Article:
• reductionist worldview
  • holistic worldview
  • humanistic worldview
  • individualist worldview
  • Relativism
  •  my little daily life .
  • Remede  evolutionary modelling capacities 
  • (Stewart 2000)

Science first
  • Do not make philosophy a science!
  • Mistakes of Descartes, Spinoza, Hegel, Marx
  • Distinction non-scientific/un-scientific (Broad
  • Firmly and explicitly ground philosophy in
  • Not an option!
  • With at least what is the most established.
  • Evolve with science
  • Ex widest synopsis -gt cosmic scale

Ambition and caution
  • Maxim
  • The more ambition in the questions, the more
    caution with the answers.
  • Hypotheses about hypotheses of science
  •  Hippopo-theses 

(No Transcript)
Systematic philosophy
  • Hegel
  • Evolution is at the heart of his system
  • But very naïve and unsufficient principle of
     thesis, antithesis, synthesis .
  • Rescher 2001
  • Systematicity is more efficient in our goals of

A language for sciences
  • Complexity sciences as a bridging sciences
    (cybernetics, system science)
  • Ex general concepts like feedback,
    self-organization, etc applies to physics,
    chemistry, biology, psychology, sociology, etc
  •  No single Man 
  • Key concepts above.
  • More collaborations, use of information

7. Conclusion
Summary of steps to take
  • 1. Make a synoptic review of what could be useful
    to answer the worldview questions.
  • 2. Create or construct the best concepts to make
    a synthesis out of this synopsis.
  • 3. Propose a synthesis, in the form of a
    systematic philosophy.
  • 4. Confront the resulting worldview to show why
    it is a better worldview than the other existing.
  • 5. Show how it can solve the problems of our
  • 6. Diffuse your worldview.

  • The worldview approach is in harmony with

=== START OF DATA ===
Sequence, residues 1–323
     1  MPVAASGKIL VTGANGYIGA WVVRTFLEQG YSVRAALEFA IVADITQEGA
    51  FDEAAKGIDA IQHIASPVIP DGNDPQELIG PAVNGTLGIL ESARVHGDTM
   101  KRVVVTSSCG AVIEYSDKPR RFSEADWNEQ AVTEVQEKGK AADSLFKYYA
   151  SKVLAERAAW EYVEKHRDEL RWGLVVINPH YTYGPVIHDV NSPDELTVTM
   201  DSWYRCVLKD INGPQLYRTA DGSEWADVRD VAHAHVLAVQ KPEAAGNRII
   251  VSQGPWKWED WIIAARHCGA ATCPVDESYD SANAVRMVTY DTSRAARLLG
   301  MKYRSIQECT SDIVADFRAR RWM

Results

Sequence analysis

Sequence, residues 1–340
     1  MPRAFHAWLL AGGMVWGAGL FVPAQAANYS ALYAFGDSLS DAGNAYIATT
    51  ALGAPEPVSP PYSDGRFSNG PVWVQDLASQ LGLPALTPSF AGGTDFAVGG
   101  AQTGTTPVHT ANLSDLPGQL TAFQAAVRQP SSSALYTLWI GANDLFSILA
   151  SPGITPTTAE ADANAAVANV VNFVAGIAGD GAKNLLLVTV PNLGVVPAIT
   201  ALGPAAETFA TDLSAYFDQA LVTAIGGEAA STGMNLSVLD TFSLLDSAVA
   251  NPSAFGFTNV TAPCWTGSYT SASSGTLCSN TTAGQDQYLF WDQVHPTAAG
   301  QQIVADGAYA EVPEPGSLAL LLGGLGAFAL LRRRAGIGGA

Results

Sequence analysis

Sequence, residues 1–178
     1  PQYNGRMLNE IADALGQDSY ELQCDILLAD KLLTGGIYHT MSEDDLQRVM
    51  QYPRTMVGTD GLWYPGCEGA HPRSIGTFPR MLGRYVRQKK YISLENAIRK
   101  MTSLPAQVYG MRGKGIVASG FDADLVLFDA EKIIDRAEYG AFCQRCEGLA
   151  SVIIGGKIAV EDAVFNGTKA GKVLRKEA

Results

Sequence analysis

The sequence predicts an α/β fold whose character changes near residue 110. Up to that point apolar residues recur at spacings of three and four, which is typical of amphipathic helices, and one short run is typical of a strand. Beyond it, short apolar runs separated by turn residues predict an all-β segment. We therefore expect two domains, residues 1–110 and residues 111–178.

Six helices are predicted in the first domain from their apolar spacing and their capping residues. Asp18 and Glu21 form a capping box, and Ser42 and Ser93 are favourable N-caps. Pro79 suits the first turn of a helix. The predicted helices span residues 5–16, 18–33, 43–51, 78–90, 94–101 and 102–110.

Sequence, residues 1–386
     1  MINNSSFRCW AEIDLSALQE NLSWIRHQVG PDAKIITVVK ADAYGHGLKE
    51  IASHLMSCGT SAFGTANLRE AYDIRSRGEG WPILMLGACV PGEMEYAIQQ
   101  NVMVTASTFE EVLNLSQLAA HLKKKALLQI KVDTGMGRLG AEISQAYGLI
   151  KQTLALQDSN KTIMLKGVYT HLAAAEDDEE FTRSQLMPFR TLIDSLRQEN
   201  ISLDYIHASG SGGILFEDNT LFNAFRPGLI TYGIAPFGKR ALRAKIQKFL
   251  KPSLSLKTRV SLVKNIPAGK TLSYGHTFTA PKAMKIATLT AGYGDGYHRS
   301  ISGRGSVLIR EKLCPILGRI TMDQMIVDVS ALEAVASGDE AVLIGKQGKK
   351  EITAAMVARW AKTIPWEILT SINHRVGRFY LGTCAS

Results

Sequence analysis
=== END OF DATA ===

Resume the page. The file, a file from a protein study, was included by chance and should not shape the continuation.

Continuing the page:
traditional philosophical domains
  • Paraphrasing a philosopher of Königsberg,
  • Speculative philosophies without content are
  • critical philosophies without synoptic
    conceptions, blind.

Thank you for your attention!
  • Feel free to ask all your questions now or later
  • clement.vidal_at_philosophons.com

Bibliography (1)
  • Apostel, L., Van der Veken, J. (1991)
    Wereldbeelden DNB/Pelckmans. Translated with some
    additions in (Aerts et al.1994).
  • Aerts D., Apostel L., De Moor B., Hellemans S.,
    Maex E., Van Belle H., Van der Veken J. (1994)
    World views. From fragmentation to integration.
    VUB Press. http//pcp.vub.ac.be/CLEA/reports/World
  • Bahm, A. (1979) The philosopher's world model,
    Greenwood Press.
  • Broad, C.D. (1947) Some methods of speculative
    philosophy. Aristotelian Society Supplement 21,
    p1- 32. http//www.ditext.com/broad/smsp.html
  • Broad, C.D. (1958) Philosophy, Inquiry I,
  • Durkheim, E. (1893) The Division of Labor in
    Society. The Free Press, New York.Translated by
    George Simpson (1984).
  • Elchardus M. (ed.) (1998) Wantrouwen en
    Onbehagen, (VUB Press, Brussels).
  • Gershenson, C. (2007) Design and Control of
    Self-organizing Systems, PhD Thesis, VUB,
  • Habermas, J. (1981) The Theory of Communicative
    Action Beacon Press.

Bibliography (2)
  • Harnad, Stevan (1979) Creative disagreement. The
    Sciences 19 18 - 20. http//www.ecs.soton.ac.uk/
  • Heylighen, F. (2000) "World View", in F.
    Heylighen, C. Joslyn and V. Turchin (editors)
    Principia Cybernetica Web (Principia Cybernetica,
    Brussels), http//cleamc11.vub.ac.be/WORLVIEW.html
  • Heylighen F. (2007) "The Global Superorganism
    an evolutionary-cybernetic model of the emerging
    network society", Social Evolution History 6 1
  • Kant, E. (1781), Critique of the pure reason.
    Trad. Norman Kemp Smith, ed. Palgrave Macmillan
    2nd Rev edition (September 6, 2003).
  • Myers, D. G. (1993), The Pursuit of Happiness
    (Avon Books)
  • Newell A., Simon H.A. (1972) Human Problem
    Solving, (Prentice-Hall, Englewood Cliffs).
  • Polya, G. (1957) How to Solve It, 2nd ed.,
    Princeton University Press.
  • Popper (1958) On the Status of Science and of
    Metaphysics Ratio, 1, No. 2, pp. 97-115. in
    Conjectures and Refutations. The Growth of
    Scientific Knowledge (5th edition, revised
    London New York Routledge, 1989), 184-200.
  • Rescher, N. (2001) Philosophical Reasoning. A
    Study in the Methodology of Philosophizing.
    Blackwell publishers.
  • Ricoeur (1979) (reporter). Main trends in
    philosophy. Holmes Meier.
  • Russell, P. (1996) "The Global Brain Awakens Our
    next evolutionary leap" (Global Brain, 1996)
    (originally published in 1983 as "The Global
  • Wang, H. (1986) Beyond Analytic Philosophy, MIT,
    Cambridge, Massachusetts.
About PowerShow.com